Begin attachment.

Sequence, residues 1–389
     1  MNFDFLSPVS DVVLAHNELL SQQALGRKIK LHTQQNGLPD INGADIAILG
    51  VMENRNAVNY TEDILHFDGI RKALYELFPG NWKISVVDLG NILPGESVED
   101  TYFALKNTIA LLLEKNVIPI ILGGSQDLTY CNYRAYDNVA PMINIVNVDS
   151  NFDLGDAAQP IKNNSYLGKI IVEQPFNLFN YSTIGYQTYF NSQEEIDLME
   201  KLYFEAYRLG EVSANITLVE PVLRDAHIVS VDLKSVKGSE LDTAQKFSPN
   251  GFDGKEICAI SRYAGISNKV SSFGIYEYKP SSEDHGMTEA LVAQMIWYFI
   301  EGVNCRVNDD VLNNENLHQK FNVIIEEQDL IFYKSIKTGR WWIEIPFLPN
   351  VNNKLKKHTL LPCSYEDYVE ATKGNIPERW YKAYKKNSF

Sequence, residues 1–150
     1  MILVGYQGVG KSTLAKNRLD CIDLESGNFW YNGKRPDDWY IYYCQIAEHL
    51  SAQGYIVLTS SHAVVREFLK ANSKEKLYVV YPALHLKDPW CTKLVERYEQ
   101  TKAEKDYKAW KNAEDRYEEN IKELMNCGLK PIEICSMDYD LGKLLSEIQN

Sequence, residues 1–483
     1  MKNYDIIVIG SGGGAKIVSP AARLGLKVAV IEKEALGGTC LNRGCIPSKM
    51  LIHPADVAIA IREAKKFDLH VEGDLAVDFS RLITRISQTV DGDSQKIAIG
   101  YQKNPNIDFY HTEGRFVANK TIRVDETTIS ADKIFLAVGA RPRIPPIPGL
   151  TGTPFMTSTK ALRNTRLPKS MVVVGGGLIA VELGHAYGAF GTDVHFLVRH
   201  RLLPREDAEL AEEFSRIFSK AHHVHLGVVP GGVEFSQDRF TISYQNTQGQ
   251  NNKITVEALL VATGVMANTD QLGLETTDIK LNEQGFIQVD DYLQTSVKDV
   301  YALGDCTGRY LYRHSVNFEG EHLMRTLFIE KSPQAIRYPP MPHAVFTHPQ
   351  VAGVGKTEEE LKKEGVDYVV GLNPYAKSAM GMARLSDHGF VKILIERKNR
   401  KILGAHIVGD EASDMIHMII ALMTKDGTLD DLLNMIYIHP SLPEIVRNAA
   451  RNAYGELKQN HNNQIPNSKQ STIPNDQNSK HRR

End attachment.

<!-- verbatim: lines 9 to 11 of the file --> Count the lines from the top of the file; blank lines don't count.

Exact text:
   351  VNNKLKKHTL LPCSYEDYVE ATKGNIPERW YKAYKKNSF

Sequence, residues 1–150
     1  MILVGYQGVG KSTLAKNRLD CIDLESGNFW YNGKRPDDWY IYYCQIAEHL